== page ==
Thursday, November 7, 2019

If Finno-Ugric Languages Die Out, So Too will Their Cultures and Identities, Activists and Scholars Say

Paul Goble

            Staunton, November 2 – Moscow’s language policies are based on the arguments of Valery Tishkov who says that nations can lose their language and still survive.  There are historical precedents for that conclusion, but in many cases, especially among numerically small peoples, the reverse is true.

            If they lose their languages, they also lose their cultures and identities and cease to exist, a point made by activists and scholars concerning the numerically small Finno-Ugric peoples of Leningrad oblast, including the 5,000 Vepsy, the 250 Izhors, and the 64 Vods (

                “Although interest in the study of the cultures of these numerically small peoples has consistently grown in recent years,” those concerned with the problem say, “the preservation of language and its use is a serious challenge both for North-West Russia and for all of world culture.”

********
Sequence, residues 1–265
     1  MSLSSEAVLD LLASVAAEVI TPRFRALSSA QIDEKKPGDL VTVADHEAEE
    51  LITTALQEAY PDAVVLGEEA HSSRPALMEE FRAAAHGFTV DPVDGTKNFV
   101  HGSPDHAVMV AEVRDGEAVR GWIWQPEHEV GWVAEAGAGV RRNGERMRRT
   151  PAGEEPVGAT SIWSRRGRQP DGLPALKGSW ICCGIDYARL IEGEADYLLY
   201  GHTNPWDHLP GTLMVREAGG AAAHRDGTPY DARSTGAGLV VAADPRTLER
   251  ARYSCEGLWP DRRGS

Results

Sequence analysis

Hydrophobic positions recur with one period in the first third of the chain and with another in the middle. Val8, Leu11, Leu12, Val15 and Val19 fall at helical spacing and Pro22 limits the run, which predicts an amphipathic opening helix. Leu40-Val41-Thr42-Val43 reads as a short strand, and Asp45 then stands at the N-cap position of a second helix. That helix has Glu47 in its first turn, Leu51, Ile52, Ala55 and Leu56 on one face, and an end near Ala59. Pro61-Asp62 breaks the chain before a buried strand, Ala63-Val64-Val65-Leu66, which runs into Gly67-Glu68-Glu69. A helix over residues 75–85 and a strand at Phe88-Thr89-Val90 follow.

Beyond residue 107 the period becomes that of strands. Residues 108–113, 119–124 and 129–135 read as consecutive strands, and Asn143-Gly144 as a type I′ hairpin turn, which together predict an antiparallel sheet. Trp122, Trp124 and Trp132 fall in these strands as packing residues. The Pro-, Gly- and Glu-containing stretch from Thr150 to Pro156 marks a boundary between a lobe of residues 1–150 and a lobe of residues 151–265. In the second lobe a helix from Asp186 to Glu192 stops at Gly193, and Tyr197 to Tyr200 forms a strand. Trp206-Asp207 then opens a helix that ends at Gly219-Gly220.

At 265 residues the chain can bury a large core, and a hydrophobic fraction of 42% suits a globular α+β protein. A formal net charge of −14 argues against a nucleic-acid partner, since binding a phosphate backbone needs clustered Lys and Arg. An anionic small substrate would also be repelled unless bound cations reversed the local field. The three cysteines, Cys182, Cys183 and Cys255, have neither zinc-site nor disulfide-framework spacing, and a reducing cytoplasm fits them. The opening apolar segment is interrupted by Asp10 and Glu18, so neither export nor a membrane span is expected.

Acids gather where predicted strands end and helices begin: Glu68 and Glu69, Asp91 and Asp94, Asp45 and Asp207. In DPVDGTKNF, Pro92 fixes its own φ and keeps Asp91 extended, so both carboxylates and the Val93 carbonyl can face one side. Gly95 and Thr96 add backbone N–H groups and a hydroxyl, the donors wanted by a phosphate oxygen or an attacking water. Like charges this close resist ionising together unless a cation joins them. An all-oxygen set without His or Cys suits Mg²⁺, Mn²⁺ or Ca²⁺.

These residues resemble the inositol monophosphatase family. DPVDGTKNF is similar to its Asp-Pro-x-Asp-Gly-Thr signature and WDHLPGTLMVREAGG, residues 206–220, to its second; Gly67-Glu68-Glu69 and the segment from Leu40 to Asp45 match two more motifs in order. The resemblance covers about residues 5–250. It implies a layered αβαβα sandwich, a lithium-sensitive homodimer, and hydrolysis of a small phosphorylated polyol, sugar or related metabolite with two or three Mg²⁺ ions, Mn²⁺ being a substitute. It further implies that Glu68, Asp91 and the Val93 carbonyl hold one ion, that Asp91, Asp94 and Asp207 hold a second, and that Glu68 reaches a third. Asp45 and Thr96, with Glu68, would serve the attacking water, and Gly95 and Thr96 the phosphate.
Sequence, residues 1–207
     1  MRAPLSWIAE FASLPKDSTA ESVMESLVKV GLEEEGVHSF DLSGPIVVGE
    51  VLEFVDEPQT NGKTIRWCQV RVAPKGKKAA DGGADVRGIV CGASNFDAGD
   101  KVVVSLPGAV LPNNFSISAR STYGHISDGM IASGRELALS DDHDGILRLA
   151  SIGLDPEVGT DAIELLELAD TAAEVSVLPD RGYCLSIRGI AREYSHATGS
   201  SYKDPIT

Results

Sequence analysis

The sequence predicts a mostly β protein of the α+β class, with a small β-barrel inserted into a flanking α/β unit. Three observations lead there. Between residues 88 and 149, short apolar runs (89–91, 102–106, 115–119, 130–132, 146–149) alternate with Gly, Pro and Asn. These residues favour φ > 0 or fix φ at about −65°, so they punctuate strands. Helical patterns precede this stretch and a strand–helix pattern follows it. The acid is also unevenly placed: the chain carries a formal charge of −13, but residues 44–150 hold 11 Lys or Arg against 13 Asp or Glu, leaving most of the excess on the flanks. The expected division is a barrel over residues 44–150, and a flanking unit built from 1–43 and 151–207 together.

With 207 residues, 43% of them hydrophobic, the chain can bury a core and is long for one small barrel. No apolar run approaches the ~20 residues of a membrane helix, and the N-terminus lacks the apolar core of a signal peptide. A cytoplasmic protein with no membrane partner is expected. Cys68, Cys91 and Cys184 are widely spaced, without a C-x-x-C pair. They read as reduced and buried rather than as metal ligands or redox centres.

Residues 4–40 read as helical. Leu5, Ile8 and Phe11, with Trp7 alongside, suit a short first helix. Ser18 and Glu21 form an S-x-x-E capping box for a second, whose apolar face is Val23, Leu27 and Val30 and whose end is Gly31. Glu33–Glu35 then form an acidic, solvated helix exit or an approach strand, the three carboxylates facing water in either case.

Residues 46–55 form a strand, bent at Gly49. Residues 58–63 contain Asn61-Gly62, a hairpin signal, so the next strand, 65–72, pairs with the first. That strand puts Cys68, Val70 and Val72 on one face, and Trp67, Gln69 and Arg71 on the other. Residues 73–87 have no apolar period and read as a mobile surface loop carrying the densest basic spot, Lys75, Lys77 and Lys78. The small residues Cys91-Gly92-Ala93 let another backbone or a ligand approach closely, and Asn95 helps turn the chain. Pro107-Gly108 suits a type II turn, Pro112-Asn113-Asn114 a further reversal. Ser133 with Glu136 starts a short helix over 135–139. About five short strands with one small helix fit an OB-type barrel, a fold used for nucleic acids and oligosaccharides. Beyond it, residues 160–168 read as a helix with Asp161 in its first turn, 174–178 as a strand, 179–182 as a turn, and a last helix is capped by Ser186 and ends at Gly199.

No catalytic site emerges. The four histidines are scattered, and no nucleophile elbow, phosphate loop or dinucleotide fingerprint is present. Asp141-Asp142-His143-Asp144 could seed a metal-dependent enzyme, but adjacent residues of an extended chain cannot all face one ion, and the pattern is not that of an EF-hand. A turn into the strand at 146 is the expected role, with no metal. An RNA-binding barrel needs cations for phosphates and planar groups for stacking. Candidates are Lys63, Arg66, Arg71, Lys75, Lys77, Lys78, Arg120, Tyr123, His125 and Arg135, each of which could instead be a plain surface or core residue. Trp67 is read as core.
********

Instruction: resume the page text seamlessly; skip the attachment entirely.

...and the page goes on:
In 2009, the Vod and Izhor languages were listed in the Atlas of the Languages of the World Under Threat of Disappearance; and in 2017, the Vepsy language was added to them.  And the threats to their survival continue despite much-ballyhooed programs to help them survive.

            Special courses for children and adults in these languages have been in place since 2014, and a mobile language school is functioning. But despite that, the number of speakers continues to fall – and not even all those who identify as Vods, Izhors, or Vepsy speak their native languages or use them frequently even if they know them.

            It is a measure of how close to death these languages and cultures are that some are hinging their hopes for survival on the possibility of putting up bilingual place names on the roads of the district.  But Olga Konkova, head of the Center for Indigenous Peoples of Leningrad Oblast, suggests that won’t be enough.

            More literature needs to be published in these languages, and more opportunities have to be created for those who learn them. If that doesn’t happen, then what many non-Russians now fear, Moscow’s reassurances notwithstanding, will occur: the death of languages will rapidly lead to the deaths of these nations.

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